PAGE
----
Five months before her birth, Alexandra’s father died of sepsis following a monkey bite which occurred in the gardens of Tatoi and his death caused a succession crisis in Greece as the previous king, Constantine I had been forced to abdicate. Since Alexander and Aspasia had married without the permission of the Orthodox Church, their marriage was considered illegal, however the birth of a son could still pose political problems. There was much relief when the infant princess was born as she could not inherit under Salic Law and the succession issue was resolved when the throne was restored to her grandfather, Constantine I.
After her birth, Aspasia was keen for her daughter to be officially recognised as a member of the royal family, so Queen Sophia persuaded her husband to declare Alexander and Aspasia’s marriage as legal so Alexandra could become a Princess of Greece and Denmark. Once this was done, Aspasia was still not satisfied as her own status was unresolved and she was finally granted the title of Princess of Greece and Denmark in September 1922. Unfortunately, the change in status did not do Aspasia any good as Constantine was forced to abdicate again after another disastrous war with Turkey. While Aspasia and Alexandra were allowed to remain in Greece, they had no means of supporting themselves so Aspasia took refuge with Queen Sophia at the Villa Bobolina near Florence.
After Constantine’s death in 1923, Sophia’s daughters came to stay with her as well and Alexandra had a happy time playing with her cousins Prince Philip of Greece (the future Duke of Edinburgh) and Prince Michael of Romania who came to stay during the holidays. In 1927, Aspasia and Alexandra moved to Ascot, Berkshire, where they stayed with Sir James Horlick and his family. Alexandra was enrolled into boarding school but she did not take the separation from her mother well and ended up developing tuberculosis. Alarmed, Aspasia took her daughter to Switzerland where she made a full recovery and then she decided to buy a villa on the Island of Giudecca in Venice. The villa had belonged to Caroline Eden, great-aunt of the British Prime Minister Anthony Eden, and it was nicknamed the Garden of Eden.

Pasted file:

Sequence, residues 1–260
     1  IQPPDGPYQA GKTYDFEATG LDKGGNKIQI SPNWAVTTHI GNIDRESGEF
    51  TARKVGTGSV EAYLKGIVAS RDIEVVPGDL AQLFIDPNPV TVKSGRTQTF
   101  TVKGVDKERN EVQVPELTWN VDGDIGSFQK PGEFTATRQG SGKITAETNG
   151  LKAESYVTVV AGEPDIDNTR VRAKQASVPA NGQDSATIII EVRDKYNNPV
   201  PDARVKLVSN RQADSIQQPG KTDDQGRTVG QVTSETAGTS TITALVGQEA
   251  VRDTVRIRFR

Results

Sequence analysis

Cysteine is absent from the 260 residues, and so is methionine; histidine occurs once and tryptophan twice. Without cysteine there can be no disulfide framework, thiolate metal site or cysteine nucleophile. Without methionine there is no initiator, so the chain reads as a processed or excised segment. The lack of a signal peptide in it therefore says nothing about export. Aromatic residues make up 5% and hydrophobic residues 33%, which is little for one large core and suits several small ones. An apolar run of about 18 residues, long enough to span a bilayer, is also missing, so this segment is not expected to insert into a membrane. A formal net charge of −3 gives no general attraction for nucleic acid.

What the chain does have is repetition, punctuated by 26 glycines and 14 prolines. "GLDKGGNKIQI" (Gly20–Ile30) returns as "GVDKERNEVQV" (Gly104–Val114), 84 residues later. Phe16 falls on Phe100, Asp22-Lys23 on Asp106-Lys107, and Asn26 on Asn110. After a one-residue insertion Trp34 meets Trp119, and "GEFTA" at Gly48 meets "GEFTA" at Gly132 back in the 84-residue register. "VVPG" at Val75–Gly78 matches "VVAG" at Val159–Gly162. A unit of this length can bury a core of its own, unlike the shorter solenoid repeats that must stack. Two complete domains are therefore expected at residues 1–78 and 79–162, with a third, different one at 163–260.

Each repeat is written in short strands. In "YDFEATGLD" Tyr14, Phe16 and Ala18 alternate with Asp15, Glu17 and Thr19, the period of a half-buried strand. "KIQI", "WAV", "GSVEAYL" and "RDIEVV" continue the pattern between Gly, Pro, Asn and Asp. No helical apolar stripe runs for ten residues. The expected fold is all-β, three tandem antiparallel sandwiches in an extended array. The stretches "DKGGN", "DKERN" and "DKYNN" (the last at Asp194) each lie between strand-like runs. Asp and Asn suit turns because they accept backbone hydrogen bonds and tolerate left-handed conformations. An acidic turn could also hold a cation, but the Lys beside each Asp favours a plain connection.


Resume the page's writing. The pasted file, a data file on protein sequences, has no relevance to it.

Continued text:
When the Greek monarchy was restored in 1935, Aspasia decided to remain in Italy since she was still being ostracised by them, however Alexandra was invited to most of the big family events and Aspasia made sure her daughter got her share of her inheritance. Now that she was older, Alexandra had started to notice how differently she and her mother were being treated by the rest of the monarchy and it was a harsh lesson to learn.
Alexandra and her mother were forced to leave Venice in 1940 after the outbreak of the Greco-Italian War and returned briefly to Athens where they began working with the Red Cross until the Nazis invaded. Aspasia was granted permission from George VI and the British government to settle in the United Kingdom with her daughter. In London, Aspasia and Alexandra resumed their work with the Red Cross and were frequent guests of Marina, Duchess of Kent, who was a former Princess of Greece and Denmark.
While in London, Alexandra met Peter II of Yugoslavia at an officers’ gala at Grosvenor House and they eventually fell in love. The match was opposed by Peter’s mother, Maria of Romania, and the Yugoslav government-in-exile deemed it inappropriate to celebrate a wedding while the country was occupied. For two years, the couple conducted their romance at the residence of the Duchess of Kent until they were finally allowed to marry in a modest ceremony on 20 March 1944. Alexandra was now Queen of Yugoslavia but the country was still in turmoil and the monarchy was abolished in November 1945, just a few months after Alexandra had given birth to her son, Alexander.